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Quirky bushfire fundraisers that took the world by storm

11 January 2020 at 12:00 pm
Maggie Coggan
From sending nudes, to Russell Crowe auctioning off a daggy cap, we take a look at the wackiest bushfire fundraisers that went viral for a good cause 

Maggie Coggan | 11 January 2020 at 12:00 pm


Quirky bushfire fundraisers that took the world by storm
11 January 2020 at 12:00 pm

From sending nudes, to Russell Crowe auctioning off a daggy cap, we take a look at the wackiest bushfire fundraisers that went viral for a good cause 

The devastation of this year’s bushfires to rural communities, the environment and Australia’s wildlife population is unprecedented. 

With many Australians and people around the globe desperate to help, millions of dollars have been donated to charity appeals, celebrity fundraisers, and directly to GoFundMe campaigns supporting smaller charities or individuals affected by the fires.

But in this fast-paced age of the internet and social media, people have been thinking outside the box to attract attention and raise money for the crisis. We take a look at some of the best. 

The nude philanthropist 

Model and sex worker, Kaylen Ward, ignited a viral craze of donations after sending out a tweet promising a nude photo to anyone that provided proof they’d donated at least $10 to Australian charities such as the Red Cross, GIVIT, and wildlife rescue charity WIRES.

Self-dubbed the “naked philanthropist”, the fundraiser has allegedly raised over $1 million, and attracted so much attention Ward had to hire a team of four people to help sort through the thousands of DMs she’s received to try to verify donations and reply with the promised nude.

But the craze was short-lived. Just three days after the fundraiser launched, her Instagram account was shut down for violating community guidelines, and a bunch of fake accounts under her name popped up. While the original campaign was run out of her Twitter account, it saw the end of the left-of-centre fundraiser.    

Play to your strengths  

With the likes of Nick Kyrgios pledging $250 for every ace hit over the Australian summer to go towards the bushfire relief effort, Swiss tennis star Belinda Bencic is doing her bit for the bushfires a little differently. Rather than celebrating her wins, she has pledged $200 for every double fault she hits, which she believes is much more likely to happen. 

“Although I’m not the best at hitting aces but much better at hitting double faults, I will donate $200 for every one I serve at my next tournaments,” Bencic tweeted.

“Like that, I won’t be angry at myself when I hit one and finally they will be useful.”

A sweaty cap for a cause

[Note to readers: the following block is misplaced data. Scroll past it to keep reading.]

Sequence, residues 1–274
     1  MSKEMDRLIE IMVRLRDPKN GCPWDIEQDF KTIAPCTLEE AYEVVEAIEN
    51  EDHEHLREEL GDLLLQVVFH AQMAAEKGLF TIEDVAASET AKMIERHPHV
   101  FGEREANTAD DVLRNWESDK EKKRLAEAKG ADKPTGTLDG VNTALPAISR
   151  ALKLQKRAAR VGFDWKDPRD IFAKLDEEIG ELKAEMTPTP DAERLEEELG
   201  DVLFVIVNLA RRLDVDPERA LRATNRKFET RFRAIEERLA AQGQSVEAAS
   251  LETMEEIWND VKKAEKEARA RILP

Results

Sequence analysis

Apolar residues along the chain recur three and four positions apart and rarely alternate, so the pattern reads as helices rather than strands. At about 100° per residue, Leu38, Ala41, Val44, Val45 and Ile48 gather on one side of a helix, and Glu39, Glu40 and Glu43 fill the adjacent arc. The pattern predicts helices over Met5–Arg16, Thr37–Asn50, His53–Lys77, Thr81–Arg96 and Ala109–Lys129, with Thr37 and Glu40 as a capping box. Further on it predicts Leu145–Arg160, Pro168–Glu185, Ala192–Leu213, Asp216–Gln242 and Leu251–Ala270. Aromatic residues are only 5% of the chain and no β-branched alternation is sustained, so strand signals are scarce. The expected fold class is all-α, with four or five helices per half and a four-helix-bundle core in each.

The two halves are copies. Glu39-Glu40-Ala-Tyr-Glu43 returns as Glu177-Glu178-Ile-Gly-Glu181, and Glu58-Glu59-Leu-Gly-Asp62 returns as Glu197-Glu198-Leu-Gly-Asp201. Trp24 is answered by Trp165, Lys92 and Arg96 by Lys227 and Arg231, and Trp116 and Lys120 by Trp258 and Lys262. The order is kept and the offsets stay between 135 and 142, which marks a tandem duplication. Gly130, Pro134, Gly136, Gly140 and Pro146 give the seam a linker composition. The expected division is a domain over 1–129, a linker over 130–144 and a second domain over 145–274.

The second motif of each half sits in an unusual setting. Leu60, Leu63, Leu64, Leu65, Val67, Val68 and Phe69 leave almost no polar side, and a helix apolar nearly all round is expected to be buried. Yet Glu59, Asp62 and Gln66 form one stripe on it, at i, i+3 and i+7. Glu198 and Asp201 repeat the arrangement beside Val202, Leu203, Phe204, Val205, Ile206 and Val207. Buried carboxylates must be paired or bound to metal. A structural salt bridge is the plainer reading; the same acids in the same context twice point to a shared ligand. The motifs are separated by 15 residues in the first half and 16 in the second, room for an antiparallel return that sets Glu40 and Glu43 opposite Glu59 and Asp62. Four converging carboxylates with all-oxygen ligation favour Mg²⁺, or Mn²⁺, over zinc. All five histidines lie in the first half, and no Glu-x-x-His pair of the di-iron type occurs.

Australian actor Russell Crowe made headlines when he announced he would be auctioning off his sweaty, sooty, and worse-for-wear Rabbitohs hat to raise money for the Rural Fire Service.

Environmental entrepreneur Mike Cannon-Brookes was named the winning bidder, taking home the cap for a cool $100,000. Crowe committed to tripling the winning bid, donating a total of $300,000. 

The auction came as Crowe detailed the devastation to his regional NSW home and surrounding bushland.   

Suit up, and save the koalas  

British TV power-house, Phoebe Waller-Bridge, is reportedly auctioning off her designer Golden Globes suit to raise money for bushfire relief efforts. 

While no money has come through yet, The Independent reported that Waller-Bridge, who won the award for best actress in a comedy or musical television series at this year’s Golden Globes, made the announcement backstage that she would be selling the glamorous Ralph & Russo suit.    

We can all make a difference

Amid a growing number of Australian and global businesses digging deep to pledge a percentage of their profits to various relief efforts, an unlikely small business owner’s unusual charity bushfire pledge attracted quite a bit of attention. 

Screenshots of what appears to be a mass text from a drug dealer pledging 10 per cent of all weekend sales to the bushfires went viral after satirical Instagram account, Brown Cardigan posted it to their page. 

“Not a joke,” the text said. 

“Actually being legit thank you all. Hopefully you guys can also donate would mean a lot thank you.”

Pro Bono News would also like to make clear we do not support the selling of illicit substances in any way.  

Maggie Coggan  |  Journalist  |  @MaggieCoggan

Maggie Coggan is a journalist at Pro Bono News covering the social sector.

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